Chantel: Let me break that down for you: If you want to ball out come your retirement, you need to hop off the government train, strap on your grown-up pants and start treating your retirement account a little less like a library and a little more like Area 51. Literally nobody’s ever seen anything come out of Area 51. Have you? Didn’t think so. Jason, since you build retirement plans for clients, what is the best way to save?
Jason: If you’re unsure of how much to save, you usually get a sense of how much you need with a retirement plan. If you don’t work with a professional planner, at least check out some of the online calculators out there. They’re not perfect, but they’re better than nothing. Forget the rules of thumb out there about how many millions you need to save in order to retire, rules of thumb are so impersonal. How much you need to save depends on how much you spend, whether you own a home or rent, whether you expect an inheritance, when you will retire, your life expectancy, your investment risk tolerance, and so on.

The most common retirement savings tool in Canada is an RRSP, but there are other types of accounts (like Tax-Free Savings Accounts – TFSAs) and other types of investments (like rental properties) that are options as well. But suffice to say that government pensions, while a start, won’t cut it. You need to do a bit of saving on your own.

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Q2. What is the difference between and RRSP and a TFSA?


Chantel: Melody, that’s another good question. Back to the car the analogy, think of your RRSP or TFSA as vehicle that carries your cash or investments. The car is the RRSP or TFSA and your crew, the precious cargo is the cash or investments. For example, if you are going full Jordan Belfort and playing the stock market, you would buy the stocks with funds in your TFSA account so you can access the tax benefits that come along with it. The main reason why people use these types of vehicles is primarily for the tax benefits.

Jason: Yes! To be more specific, a Registered Retirement Savings Plan (RRSP) is an investment account that gives you tax deductions and corresponding tax refunds when you contribute. You can deduct your contributions on your tax return, up to your RRSP limit. Your yearly limit is based on how much money you make.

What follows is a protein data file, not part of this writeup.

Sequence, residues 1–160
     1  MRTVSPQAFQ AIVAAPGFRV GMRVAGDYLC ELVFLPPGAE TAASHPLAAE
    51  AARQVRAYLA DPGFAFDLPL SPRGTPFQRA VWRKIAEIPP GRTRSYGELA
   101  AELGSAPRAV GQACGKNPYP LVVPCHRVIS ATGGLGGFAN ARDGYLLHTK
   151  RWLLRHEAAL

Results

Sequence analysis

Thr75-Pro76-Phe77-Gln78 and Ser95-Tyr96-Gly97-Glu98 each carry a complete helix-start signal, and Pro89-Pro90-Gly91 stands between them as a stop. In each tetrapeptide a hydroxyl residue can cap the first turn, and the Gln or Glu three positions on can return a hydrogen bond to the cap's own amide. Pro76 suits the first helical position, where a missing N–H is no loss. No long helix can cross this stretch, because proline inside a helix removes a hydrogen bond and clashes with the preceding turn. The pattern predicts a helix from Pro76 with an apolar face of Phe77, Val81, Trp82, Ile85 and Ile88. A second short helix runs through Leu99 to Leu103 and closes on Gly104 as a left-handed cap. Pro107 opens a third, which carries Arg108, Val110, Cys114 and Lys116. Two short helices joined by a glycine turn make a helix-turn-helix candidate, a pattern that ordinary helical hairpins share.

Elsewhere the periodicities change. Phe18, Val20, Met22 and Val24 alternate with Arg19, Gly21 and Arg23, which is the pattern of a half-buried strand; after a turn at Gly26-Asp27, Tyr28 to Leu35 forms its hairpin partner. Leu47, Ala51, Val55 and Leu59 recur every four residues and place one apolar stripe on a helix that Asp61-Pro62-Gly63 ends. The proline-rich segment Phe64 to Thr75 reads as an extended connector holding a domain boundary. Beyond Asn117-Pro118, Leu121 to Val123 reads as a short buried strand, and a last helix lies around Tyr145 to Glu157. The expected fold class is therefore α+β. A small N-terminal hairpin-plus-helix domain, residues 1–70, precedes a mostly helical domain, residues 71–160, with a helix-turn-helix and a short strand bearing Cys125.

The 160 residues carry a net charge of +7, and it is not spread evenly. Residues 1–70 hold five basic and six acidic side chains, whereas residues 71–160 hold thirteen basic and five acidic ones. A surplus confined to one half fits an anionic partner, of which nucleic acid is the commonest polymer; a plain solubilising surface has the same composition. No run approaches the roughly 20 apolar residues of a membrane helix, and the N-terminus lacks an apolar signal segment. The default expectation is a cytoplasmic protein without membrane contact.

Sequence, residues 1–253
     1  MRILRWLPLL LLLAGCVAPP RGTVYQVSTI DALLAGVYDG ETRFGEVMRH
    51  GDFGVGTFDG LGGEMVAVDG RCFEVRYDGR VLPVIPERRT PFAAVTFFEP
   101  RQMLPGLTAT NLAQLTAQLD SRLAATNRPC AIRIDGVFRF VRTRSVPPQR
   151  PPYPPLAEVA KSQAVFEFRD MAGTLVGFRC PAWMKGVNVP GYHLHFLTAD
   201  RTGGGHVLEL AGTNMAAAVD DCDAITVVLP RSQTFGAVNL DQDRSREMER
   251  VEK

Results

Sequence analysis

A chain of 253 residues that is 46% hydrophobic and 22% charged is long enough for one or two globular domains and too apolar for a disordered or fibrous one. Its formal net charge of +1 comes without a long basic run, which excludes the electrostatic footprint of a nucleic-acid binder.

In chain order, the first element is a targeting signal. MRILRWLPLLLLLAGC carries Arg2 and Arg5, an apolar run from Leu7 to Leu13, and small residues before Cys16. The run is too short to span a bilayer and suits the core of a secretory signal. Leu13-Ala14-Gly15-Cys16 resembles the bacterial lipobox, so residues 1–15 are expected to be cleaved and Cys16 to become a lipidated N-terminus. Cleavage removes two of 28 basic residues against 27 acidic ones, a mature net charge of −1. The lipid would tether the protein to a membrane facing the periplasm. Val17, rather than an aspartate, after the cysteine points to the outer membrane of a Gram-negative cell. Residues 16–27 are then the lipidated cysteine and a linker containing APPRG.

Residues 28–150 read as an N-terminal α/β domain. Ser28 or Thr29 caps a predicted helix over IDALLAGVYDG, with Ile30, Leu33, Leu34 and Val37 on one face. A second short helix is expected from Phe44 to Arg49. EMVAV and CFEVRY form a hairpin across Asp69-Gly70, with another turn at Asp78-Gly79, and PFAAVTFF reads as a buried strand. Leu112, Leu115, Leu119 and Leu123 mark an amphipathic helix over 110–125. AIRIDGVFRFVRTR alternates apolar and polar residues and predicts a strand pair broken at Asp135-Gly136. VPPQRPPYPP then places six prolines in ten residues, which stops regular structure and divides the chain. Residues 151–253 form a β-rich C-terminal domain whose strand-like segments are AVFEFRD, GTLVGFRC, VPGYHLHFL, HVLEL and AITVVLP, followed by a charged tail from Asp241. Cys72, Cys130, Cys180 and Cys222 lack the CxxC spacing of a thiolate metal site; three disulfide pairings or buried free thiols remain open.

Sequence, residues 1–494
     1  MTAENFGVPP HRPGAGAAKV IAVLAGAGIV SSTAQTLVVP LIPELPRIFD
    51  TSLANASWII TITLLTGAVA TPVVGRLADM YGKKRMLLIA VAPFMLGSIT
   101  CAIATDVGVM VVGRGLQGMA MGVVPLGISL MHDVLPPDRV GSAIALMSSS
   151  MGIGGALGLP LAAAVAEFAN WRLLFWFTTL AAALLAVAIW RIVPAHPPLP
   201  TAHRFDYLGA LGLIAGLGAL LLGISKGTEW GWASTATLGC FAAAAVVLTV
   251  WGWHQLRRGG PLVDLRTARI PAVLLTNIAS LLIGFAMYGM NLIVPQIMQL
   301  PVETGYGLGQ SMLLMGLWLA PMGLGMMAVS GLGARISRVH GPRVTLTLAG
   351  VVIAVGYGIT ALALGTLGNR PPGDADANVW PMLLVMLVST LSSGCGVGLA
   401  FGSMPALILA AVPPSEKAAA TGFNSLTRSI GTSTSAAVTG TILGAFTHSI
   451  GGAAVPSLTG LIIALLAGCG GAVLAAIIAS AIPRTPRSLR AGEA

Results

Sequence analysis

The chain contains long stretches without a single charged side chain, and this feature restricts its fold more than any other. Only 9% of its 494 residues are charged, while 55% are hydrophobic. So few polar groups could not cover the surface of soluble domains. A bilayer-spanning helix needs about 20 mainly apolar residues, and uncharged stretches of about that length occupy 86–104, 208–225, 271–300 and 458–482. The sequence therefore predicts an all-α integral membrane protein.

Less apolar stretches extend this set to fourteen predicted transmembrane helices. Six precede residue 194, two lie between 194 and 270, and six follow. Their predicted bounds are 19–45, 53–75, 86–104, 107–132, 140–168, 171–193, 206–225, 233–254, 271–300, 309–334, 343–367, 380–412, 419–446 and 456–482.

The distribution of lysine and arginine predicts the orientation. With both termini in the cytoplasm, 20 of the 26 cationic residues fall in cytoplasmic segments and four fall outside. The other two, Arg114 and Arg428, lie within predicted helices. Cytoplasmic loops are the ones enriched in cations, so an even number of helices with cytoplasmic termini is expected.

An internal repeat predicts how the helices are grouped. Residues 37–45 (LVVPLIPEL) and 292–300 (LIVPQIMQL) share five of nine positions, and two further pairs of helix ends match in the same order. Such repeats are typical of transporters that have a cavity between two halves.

Investments in an RRSP can include mutual funds, stocks, bonds, exchange-traded funds (ETFs), GICs or even just cash savings. The investment income you earn grows tax-deferred until you ultimately take withdrawals from your RRSP. You need to begin RRSP withdrawals no later than the year you turn 72. The government mandates minimal withdrawals you must take each year thereafter.

A Tax-Free Savings Account (TFSA) is a relatively new Canadian savings tool. Your TFSA room is not based on earned income or anything else. Each Canadian gets a set amount of additional TFSA room each year, as long as they’re over the age of 18. The maximum TFSA limit for 2016 is $5,500, for example, plus all of your accumulated room from previous years.

TFSA investments can be the same as your RRSP, but the difference relates to taxation. RRSPs give you tax deductions. TFSAs do not. So you’re putting your after-tax money into a TFSA. The tax benefit starts then. TFSAs grow tax-free (hence the name) and your withdrawals are also tax-free (unlike RRSPs). RRSP withdrawals are considered income and are taxable. TFSA withdrawals are completely free of tax.


: So to sum that up (pun intended), RRSP’s will lower your income tax amount each year but you still have to pay to play for that tax savings when you take the money out. On the other hand, TFSA’s won’t lower your annual income tax amount (ugh) but if you make a lot of money in an investment, you wont be taxed to take it out (schwing!).

What’s your day rate? Read the last #AskAnAdult for some budgeting tips and tricks!